Outbreaks associated with non-O157:H7 STECs have been reported worldwide, including thirteen in the United States from 1990 to 2006. The 2006 data is still preliminary. Many outbreaks were attributed to consumption of fresh produce; none were attributed to ground beef consumption. However, in 2006, non-O157:H7 STEC illness was diagnosed in a patient in New York who had consumed ground beef shortly before illness onset. The same STEC strain, indistinguishable by pulsed field gel electrophoresis, was detected in the patient's stool and in leftover ground beef that the patient had consumed. In this case, FSIS was unable to take further action because the product could not be definitively traced to a production lot.
FSIS, FDA CFSAN, and CDC will hold a public meeting on October 17, 2007, to solicit input from industry, consumers, academia, and other public health and regulatory agencies on the issue of whether non-O157:H7 STECs should also be considered to be adulterants. This meeting will rely on relevant data in addressing the most important questions that underlie this issue, including:
- What is the epidemiology of non-O157:H7 STEC illness?
- What can be done to enhance the surveillance and reporting of non-O157:H7 STEC illnesses?
- What is the prevalence of non-O157:H7 STEC in livestock and in finished product? Are species other than cattle, such as sheep, goats, and swine, important sources of non-O157:H7 STECs?
- What are the best methods for detecting pathogenic non-O157:H7 STECs in food? What are the most relevant markers for pathogenic STECs?
- Are interventions designed to remove or destroy E. coli O157:H7 in foods or raw products effective against non-O157:H7 STECs as well?
- How should regulatory agencies define, monitor, and control pathogenic non-O157:H7 STECs in food or raw products?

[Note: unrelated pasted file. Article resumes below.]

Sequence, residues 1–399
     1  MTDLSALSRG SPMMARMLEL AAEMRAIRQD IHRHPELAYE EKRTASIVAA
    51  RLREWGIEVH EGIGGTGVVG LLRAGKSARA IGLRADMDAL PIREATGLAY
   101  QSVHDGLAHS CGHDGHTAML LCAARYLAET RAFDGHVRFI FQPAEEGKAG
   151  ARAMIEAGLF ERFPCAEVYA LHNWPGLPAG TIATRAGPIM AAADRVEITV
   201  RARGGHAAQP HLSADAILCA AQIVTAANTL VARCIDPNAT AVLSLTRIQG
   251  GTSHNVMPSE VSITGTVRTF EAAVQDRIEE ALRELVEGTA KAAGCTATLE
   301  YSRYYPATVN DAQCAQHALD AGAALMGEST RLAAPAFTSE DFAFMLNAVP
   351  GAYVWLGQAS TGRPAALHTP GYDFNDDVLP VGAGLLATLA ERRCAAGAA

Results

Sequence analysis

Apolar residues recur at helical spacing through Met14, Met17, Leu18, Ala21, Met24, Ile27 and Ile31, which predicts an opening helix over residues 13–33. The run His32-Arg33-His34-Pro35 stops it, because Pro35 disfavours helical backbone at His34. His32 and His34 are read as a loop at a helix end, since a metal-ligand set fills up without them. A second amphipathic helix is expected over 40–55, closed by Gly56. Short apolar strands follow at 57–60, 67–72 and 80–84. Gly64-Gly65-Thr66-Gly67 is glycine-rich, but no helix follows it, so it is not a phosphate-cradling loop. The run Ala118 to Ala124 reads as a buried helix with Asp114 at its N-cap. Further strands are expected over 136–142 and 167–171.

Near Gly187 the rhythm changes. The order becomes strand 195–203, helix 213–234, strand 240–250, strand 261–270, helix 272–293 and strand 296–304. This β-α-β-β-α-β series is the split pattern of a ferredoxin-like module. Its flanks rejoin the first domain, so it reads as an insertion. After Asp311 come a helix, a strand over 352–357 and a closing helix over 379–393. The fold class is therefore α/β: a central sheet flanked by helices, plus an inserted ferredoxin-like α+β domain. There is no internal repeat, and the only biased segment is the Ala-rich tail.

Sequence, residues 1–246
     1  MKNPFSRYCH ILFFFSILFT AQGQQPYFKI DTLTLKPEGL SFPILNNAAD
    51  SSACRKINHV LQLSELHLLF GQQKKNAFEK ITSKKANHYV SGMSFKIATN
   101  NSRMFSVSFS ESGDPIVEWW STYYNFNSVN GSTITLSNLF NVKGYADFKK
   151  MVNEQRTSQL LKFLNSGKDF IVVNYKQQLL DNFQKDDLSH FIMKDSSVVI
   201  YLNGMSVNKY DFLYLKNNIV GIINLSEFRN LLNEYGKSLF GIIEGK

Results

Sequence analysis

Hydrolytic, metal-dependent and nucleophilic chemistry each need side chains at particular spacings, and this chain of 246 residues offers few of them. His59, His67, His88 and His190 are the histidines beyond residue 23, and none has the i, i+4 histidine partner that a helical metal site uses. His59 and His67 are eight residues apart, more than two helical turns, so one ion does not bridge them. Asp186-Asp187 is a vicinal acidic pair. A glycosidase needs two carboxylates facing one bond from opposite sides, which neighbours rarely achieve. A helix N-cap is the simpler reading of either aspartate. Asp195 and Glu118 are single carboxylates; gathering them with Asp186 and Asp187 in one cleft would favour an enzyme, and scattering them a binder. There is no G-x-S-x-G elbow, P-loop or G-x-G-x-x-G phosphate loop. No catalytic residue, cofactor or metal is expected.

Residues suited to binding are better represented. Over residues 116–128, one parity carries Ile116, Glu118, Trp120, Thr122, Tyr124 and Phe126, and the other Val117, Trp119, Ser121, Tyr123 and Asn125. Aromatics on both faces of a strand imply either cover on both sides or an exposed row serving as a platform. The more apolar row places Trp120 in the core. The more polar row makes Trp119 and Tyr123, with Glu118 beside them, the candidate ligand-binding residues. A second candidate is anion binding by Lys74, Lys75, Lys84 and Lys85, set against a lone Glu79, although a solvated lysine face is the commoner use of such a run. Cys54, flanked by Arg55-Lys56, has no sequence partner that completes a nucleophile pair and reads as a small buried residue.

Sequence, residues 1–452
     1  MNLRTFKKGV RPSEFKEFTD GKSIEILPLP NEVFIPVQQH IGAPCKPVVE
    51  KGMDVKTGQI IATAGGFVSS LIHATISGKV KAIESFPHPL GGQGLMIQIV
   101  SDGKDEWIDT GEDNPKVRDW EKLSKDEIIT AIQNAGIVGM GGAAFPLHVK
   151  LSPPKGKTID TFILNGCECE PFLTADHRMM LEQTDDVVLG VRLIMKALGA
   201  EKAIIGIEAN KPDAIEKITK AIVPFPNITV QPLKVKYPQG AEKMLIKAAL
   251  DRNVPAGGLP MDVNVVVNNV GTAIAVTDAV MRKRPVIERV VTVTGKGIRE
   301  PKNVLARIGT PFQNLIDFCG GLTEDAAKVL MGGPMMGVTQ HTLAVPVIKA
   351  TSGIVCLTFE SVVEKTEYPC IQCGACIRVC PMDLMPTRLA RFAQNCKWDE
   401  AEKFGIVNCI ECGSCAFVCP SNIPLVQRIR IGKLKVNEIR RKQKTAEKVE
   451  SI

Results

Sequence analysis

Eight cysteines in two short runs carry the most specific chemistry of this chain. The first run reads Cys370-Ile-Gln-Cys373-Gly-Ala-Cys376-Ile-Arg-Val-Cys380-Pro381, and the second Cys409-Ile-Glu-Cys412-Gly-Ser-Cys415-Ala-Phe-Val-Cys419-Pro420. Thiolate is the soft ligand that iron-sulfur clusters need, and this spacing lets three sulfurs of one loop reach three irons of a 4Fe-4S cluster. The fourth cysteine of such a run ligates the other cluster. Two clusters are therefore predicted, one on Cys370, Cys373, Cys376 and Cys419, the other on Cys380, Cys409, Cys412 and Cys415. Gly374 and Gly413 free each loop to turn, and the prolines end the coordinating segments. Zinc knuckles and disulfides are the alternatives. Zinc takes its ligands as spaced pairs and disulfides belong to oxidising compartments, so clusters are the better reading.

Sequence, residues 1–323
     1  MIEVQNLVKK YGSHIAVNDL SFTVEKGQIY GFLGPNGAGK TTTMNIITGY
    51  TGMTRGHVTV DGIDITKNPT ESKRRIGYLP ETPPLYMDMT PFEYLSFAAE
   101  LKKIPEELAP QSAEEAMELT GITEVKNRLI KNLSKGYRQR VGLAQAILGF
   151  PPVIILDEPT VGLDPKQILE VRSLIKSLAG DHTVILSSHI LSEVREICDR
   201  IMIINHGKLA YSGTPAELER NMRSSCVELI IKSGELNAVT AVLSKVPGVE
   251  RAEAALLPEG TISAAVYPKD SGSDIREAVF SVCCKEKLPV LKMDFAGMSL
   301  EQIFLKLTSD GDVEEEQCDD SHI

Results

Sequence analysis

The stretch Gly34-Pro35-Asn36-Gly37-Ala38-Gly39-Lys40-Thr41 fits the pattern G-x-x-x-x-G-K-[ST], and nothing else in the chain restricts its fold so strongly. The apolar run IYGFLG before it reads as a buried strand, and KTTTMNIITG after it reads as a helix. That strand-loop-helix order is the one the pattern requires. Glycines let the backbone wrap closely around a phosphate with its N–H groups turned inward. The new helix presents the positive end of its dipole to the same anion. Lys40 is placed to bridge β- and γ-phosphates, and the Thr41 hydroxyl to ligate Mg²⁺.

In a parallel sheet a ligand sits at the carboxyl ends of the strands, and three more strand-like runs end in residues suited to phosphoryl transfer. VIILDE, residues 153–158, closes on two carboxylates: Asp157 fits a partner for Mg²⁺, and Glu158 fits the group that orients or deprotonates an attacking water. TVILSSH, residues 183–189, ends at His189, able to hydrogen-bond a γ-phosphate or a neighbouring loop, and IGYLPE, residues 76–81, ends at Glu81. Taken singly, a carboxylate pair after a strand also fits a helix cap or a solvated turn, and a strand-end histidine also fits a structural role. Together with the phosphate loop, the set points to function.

All interested parties are welcome to attend the meeting and to submit written comments and suggestions through October 15, 2007 to Dr. Eblen by phone (202) 690-6238, fax (202) 690-6334, e-mail: Denise.email@example.com, or at the mail address: U.S. Department of Agriculture, Food Safety and Inspection Service, Office of Public Health Science, 1400 Independence Avenue, SW., 357 Aerospace Center, Washington, DC 20250-3766. Individuals who do not wish FSIS to post their personal contact information—mailing address, e-mail address, telephone number—on the Internet may leave the information off their comments.
The comments and the official transcript of the meeting, when they become available, will be posted on the agency's Web site at http://www.fsis.usda.gov.
Additional Public Notification
Public awareness of all segments of rulemaking and policy development is important. Consequently, in an effort to ensure that minorities, women, and persons with disabilities are aware of this notice, FSIS will announce it online through the FSIS Web page located at http://www.fsis.usda.gov/regulations/2007_Notices_Index/. FSIS will also make copies of this Federal Register publication available through the FSIS Constituent Update, which is used to provide information regarding FSIS policies, procedures, regulations, Federal Register notices, FSIS public meetings, and other types of information that could affect or would be of interest to constituents and stakeholders. The Update is communicated via Listserv, a free electronic mail subscription service for industry, trade groups, consumer interest groups, health professionals, and other individuals who have asked to be included. The Update is also available on the FSIS Web page. Through Listserv and the Web page, FSIS is able to provide information to a much broader and more diverse audience. In addition, FSIS offers an electronic mail subscription service which provides automatic and customized access to selected food safety news and information. This service is available at http://www.fsis.usda.gov/news_and_events/email_subscription/. Options range from recalls to export information to regulations, directives and notices. Customers can add or delete subscriptions themselves, and have the option to password protect their accounts.Start Signature
Done at Washington, DC, on: October 4, 2007.
Alfred V. Almanza,
[FR Doc. 07-4975 Filed 10-4-07; 1:45 pm]
BILLING CODE 3410-DM-P